Agent-based modeling of raccoon rabies epidemic and its economic consequences

by Foroutan, Pirouz

Abstract (Summary)
In the United States, rabies strains that infect raccoons have been responsible for the largest increase animal rabies in the past 3 decades. This work includes three articles that analyze: 1) the cost of 8 distributions of oral rabies vaccine (ORV) with strains known to infect raccoons in Ohio between 1997 and 2000, 2) an agent-based simulation of uninterrupted raccoon rabies epidemic in a hypothetical area, and 3) the costs and benefits of different ORV distribution strategies. Article 1 documents the estimated cost of implementing an ORV program to provide a more efficient use of resources to control and limit the spread of rabies. Accurately measured distribution costs can be used to perform an economic cost-benefit analysis for alternative ORV programs. The existing ORV procedure consists of distributing fishmeal bait containing ORV through various means. The cost of personnel, vehicles, and helicopter and aircraft use and other associated expenses were obtained from field records and interviews with personnel and agencies involved in the ORV program. Article 2 examines the major characteristics and behavior of raccoon agents and their relation to their environment. Under different parameter values, the models are simulated and results of a hypothetical raccoon rabies event is obtained in terms of the rate of disease movement, shape of the epidemic front and intensity of new infections. The results indicate that model results are sensitive to certain parameters (e.g., aggressiveness of the epidemic regime, or nutrient regeneration capability of spatial units). Results on the shape of epidemic front proved to be invariant to different selection of model parameters. In article 3, different ORV distribution strategies were devised to assess the effectiveness of ORV distribution strategies under different assumptions and their potential costs. Based on raccoon rabies literature, incidences of new infections were mapped to economic costs. These costs were used in conjunction with distribution costs obtained in Article 1 to conduct cost-benefit analyses. Results of cost-benefit analysis indicate while ORV distribution is not economically justifiable for the scope of hypothetical model space, the potential for justification of the program in a larger and real space is possible.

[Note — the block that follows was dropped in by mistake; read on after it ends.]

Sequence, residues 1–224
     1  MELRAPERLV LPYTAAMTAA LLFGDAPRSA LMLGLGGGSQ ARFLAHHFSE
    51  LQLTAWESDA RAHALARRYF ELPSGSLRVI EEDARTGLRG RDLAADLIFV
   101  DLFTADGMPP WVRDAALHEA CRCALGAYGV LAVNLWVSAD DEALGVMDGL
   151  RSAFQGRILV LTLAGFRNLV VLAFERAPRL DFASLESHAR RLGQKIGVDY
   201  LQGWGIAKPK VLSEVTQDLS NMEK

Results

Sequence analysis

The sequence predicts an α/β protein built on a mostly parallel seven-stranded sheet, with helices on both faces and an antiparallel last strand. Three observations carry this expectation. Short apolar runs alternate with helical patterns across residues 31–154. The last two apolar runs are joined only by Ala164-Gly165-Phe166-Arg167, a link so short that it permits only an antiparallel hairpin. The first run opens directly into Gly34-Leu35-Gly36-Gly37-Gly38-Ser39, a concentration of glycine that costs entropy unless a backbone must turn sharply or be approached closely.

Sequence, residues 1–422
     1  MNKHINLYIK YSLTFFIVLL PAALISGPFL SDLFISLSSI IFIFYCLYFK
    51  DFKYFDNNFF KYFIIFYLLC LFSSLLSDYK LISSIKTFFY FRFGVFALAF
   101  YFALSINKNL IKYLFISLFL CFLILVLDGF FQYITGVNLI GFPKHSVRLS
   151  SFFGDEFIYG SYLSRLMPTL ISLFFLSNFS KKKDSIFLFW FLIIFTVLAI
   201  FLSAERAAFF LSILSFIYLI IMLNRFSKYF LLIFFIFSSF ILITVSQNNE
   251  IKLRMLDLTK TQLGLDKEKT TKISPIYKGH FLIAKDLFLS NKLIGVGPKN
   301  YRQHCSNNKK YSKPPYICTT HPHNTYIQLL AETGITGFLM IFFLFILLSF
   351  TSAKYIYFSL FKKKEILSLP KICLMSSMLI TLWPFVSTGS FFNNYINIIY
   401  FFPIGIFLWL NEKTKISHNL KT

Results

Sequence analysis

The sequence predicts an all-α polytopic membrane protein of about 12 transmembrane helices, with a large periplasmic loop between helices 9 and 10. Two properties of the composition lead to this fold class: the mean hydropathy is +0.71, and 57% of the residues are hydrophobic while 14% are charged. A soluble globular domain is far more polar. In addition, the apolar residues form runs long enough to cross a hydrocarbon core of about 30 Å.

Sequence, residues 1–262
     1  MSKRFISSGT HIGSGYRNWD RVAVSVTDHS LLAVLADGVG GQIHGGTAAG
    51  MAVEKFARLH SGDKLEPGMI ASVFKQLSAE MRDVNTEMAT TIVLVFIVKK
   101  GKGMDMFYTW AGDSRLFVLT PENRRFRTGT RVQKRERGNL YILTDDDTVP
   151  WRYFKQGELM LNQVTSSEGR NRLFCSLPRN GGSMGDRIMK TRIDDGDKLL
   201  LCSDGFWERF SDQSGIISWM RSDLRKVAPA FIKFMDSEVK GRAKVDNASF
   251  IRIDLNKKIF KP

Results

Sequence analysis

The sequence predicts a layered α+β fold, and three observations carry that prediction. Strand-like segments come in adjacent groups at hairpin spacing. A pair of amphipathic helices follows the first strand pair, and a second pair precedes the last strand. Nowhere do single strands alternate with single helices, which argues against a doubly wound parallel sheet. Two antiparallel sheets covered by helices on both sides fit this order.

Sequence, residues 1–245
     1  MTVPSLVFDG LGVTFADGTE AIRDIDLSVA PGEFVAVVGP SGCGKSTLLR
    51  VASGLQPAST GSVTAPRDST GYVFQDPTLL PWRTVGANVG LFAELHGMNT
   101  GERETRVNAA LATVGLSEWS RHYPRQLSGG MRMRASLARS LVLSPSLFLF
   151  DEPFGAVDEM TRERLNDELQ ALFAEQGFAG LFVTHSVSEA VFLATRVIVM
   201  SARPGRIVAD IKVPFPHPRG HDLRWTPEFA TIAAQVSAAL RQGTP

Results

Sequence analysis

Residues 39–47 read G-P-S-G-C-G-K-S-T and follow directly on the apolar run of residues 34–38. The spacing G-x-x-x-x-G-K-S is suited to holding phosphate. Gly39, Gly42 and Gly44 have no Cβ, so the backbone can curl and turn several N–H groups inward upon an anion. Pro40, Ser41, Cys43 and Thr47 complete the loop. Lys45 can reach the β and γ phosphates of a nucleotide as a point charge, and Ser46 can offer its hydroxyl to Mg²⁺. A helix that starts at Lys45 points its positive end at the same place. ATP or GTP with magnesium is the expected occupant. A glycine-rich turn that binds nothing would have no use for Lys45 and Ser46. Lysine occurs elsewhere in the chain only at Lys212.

Bibliographical Information:


School:The Ohio State University

School Location:USA - Ohio

Source Type:Master's Thesis



Date of Publication:01/01/2004

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